Delta Enlists RFID In Innovative Plan To Keep Track Of Passengers’ Luggage
One of the biggest complaints among travelers is lost or damaged luggage. A missed connection almost certainly means a passenger’s bag will end up in another part of the country or even the world, and airlines must spend time and money reuniting passengers with their bags in a timely fashion. Thanks to new technology, however, this could soon become a thing of the past. Later this year, Delta will become the first American airline to track passengers’ checked luggage using RFID tags.
In an effort to find bags quickly and easily for rerouting when passengers miss connections, the airline is embarking on a $50 million switchover from barcode hand scanning to RFID. Tests show that this technology can track bags with a 99.9 percent rate of success using intelligent bar codes that communicate with an electronic network.
The airline said that passengers will also be able to keep track of their bags using the Delta mobile app. Delta handles a total of 120 million bags each year.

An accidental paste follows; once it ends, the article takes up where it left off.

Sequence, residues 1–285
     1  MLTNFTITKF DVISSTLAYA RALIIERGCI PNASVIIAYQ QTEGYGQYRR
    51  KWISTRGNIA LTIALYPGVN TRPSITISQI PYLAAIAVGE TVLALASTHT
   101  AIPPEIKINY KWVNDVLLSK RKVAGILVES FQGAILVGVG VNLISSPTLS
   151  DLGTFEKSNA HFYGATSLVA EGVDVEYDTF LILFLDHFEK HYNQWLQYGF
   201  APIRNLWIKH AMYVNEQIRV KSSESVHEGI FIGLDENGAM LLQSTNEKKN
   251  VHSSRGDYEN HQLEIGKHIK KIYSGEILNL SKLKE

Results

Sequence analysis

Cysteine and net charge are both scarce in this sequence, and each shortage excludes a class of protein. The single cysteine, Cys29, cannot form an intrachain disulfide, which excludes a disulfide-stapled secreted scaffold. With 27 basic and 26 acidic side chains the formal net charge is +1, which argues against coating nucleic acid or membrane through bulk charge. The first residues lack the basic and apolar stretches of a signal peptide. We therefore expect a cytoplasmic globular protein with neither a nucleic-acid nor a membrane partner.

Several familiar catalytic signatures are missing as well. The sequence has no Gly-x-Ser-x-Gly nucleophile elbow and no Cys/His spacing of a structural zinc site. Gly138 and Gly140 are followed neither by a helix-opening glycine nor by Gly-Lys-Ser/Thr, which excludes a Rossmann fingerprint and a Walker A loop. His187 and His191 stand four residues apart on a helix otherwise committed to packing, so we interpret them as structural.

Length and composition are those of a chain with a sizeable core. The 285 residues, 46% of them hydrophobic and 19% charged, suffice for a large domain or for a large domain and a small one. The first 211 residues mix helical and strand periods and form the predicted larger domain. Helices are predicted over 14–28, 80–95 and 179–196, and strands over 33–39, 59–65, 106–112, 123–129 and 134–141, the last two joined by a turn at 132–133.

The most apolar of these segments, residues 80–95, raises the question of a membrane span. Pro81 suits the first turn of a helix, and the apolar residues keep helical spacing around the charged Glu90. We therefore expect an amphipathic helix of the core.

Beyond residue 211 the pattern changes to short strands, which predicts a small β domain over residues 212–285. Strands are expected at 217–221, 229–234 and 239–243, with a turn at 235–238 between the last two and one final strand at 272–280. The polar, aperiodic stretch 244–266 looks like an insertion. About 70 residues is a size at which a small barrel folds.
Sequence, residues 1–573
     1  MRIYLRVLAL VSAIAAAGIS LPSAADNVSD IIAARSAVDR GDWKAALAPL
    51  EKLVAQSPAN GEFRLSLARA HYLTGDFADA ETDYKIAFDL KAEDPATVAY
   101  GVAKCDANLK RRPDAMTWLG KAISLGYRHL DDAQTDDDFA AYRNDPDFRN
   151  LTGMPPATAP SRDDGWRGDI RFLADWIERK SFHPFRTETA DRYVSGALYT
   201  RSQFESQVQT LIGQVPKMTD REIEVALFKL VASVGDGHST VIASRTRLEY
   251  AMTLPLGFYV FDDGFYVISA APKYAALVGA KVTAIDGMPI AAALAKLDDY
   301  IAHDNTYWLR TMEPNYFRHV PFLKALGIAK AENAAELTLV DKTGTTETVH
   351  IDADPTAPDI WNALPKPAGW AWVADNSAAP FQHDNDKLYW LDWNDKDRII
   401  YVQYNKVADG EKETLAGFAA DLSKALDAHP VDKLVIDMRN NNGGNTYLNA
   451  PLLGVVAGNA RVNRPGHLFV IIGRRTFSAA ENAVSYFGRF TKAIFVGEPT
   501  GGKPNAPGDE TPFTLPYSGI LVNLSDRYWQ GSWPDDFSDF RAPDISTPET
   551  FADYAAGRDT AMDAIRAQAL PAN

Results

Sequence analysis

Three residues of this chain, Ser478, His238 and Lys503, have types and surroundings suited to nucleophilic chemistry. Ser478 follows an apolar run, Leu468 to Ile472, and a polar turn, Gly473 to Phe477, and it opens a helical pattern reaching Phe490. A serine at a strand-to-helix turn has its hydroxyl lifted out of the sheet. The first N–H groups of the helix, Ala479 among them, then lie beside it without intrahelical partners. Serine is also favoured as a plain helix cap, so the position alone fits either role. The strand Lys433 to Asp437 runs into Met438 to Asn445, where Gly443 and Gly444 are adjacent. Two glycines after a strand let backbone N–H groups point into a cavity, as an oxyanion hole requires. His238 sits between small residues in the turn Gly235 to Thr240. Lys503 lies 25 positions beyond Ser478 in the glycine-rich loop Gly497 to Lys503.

Mishandled Luggage Rate Dropping But Remains An Expensive Problem
The International Air Transport Association has put a new rule in place requiring that airlines have the ability to track passengers’ bags through every part of their journey by June of 2018. Last year, the industry set a record by losing or damaging the fewest bags of any year, with the number dropping 10.5 percent from 2014 to reach 6.5 mishandled bags per 1,000 passengers. Despite the banner year, damaged or lost bags still cost airlines a total of $2.3 billion in 2015.
According to data from the U.S. Transportation Department for February this year, Delta mishandled 1.95 bags per thousand passengers, placing it first among the major American carriers and fourth out of all airlines overall. Virgin America, JetBlue Airways, and Alaska Airlines took first, second and third places respectively.